by Matthew Rothschild, Executive Director
May 2, 2017
The Wisconsin Democracy Campaign opposes Republican Rep. Jesse Kremer’s bill to penalize University of Wisconsin students or staff who express their disapproval of a speaker while that speaker is talking.
Kremer’s bill would penalize anyone at the UW’s schools “who engages in violent, abusive, indecent, profane, boisterous, obscene, unreasonably loud, or other disorderly conduct that interferes with the free expression of others.”
This clause is so broad and vague that it won’t hold constitutional muster.
For instance, what does “boisterous” mean?
What is “unreasonably” loud?
What is “abusive”?
And does “profane” include saying things like, “Jesus!” or “God damn it”?
And what does “interfering with the free expression of others” mean?
Rep. Jesse Kremer
If someone boos for two seconds after an outrageous comment from a speaker, does that constitute “interference”?
Interviewed on the Joy Cardin show on Monday morning, Kremer was asked how he responded to this criticism that the language of the bill was unconstitutionally broad and vague, and he amazingly said, “I agree.” He said he’ll introduce an amendment to his own bill.
The Wisconsin Democracy Campaign believes that everyone has the right to speak on campus and that no one should be shouted down such that they can’t finish their speech. But the Wisconsin Democracy Campaign also recognizes traditional free speech rights of students to respond to statements they find offensive with the occasional boo or hiss or shout or other expression of disapproval. That, too, is part of the give and take of a university.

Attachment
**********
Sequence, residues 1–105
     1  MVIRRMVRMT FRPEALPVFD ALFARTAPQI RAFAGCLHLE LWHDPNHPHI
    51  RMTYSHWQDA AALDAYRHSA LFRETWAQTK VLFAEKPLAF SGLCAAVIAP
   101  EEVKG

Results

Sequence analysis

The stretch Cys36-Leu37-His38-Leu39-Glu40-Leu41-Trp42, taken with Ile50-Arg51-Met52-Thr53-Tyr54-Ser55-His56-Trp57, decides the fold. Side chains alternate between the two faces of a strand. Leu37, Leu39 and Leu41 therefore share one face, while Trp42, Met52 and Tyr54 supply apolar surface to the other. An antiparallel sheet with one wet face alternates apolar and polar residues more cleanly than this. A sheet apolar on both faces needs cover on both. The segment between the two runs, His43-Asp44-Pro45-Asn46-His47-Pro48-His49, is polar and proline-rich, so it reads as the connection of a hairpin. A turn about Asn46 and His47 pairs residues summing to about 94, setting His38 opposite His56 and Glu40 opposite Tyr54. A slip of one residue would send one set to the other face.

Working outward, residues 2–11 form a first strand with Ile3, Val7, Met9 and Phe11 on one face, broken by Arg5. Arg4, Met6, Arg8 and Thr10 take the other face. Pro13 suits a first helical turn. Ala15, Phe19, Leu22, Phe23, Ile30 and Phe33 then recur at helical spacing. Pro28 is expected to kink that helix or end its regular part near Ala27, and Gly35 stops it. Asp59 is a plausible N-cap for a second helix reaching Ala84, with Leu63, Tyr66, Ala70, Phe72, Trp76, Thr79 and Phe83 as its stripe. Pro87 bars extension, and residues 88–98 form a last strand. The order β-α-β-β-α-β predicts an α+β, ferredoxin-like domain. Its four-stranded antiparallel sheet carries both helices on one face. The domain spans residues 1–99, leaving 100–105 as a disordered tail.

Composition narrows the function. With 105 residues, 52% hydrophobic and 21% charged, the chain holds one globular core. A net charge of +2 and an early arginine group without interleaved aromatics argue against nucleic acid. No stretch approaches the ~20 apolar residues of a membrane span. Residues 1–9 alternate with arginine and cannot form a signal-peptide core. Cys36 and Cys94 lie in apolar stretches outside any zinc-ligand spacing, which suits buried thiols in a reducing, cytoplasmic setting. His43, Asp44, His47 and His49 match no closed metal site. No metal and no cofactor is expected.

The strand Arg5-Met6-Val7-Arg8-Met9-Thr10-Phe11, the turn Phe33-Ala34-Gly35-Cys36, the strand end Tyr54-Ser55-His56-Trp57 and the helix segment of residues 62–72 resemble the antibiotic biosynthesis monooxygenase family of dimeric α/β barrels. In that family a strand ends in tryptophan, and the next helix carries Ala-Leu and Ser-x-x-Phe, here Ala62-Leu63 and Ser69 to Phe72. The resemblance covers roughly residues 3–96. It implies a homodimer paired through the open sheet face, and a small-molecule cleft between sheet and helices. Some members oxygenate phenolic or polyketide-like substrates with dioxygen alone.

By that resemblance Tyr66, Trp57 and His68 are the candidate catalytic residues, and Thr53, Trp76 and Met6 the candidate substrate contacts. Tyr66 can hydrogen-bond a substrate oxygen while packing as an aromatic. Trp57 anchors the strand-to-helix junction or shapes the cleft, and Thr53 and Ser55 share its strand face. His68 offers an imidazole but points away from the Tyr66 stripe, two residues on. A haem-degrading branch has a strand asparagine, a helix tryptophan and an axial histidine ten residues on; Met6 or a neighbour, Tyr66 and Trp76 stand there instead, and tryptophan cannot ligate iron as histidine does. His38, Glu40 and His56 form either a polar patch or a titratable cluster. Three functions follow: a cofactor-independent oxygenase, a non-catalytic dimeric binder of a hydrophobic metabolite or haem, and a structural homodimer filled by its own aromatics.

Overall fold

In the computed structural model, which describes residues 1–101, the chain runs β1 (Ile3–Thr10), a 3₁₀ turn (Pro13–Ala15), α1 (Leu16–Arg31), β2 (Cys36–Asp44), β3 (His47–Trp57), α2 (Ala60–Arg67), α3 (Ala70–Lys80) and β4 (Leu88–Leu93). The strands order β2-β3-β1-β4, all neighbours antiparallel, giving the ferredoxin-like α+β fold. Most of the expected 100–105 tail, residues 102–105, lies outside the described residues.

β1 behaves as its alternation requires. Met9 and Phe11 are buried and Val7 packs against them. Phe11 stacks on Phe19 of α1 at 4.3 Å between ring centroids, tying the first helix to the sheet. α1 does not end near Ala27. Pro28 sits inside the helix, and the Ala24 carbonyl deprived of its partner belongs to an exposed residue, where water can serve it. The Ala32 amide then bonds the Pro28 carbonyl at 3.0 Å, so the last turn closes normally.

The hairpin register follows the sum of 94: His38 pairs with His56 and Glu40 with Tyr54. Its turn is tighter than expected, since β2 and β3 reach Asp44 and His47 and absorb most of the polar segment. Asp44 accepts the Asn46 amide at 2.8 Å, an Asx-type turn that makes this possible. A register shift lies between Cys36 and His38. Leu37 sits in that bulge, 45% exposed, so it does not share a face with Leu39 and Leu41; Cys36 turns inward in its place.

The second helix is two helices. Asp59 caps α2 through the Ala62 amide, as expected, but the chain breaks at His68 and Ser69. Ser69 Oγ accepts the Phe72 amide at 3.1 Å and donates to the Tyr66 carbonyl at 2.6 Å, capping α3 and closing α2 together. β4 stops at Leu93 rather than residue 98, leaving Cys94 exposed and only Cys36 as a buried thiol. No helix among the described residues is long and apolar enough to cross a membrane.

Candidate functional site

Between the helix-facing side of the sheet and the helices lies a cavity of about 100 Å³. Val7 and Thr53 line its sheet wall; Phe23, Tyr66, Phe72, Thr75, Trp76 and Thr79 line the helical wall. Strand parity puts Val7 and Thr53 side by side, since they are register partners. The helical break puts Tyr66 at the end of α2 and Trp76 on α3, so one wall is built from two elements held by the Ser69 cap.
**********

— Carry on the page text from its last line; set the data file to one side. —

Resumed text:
There are other problems with the bill, as well. First, the punishment for violating this policy twice is too harsh: automatic suspension for a minimum of one semester. This exceeds the punishment for other “non-academic offenses,” as spelled out in the administrative code governing the UW System (UWS 17.09). For instance, there is no automatic suspension for twice engaging in “conduct that endangers or threatens the health or safety of oneself or another person.” All the code says is that “the university may discipline” such a student.
Further, the Wisconsin Democracy Campaign opposes this bill because it states that UW institutions “must remain neutral on public policy controversies.”
So the University of Wisconsin stem cell researchers, and the deans of the departments where they work, would not be allowed to take a position on the importance of stem-cell research to cure diseases?
Or the leaders of the Nelson Institute for Environmental Studies would not be allowed to argue that climate change is real, and caused primarily by the burning of fossil fuels?
Far from protecting free speech, this bill would interfere with it.
It would turn “sifting and winnowing” into “gagging and suppressing.”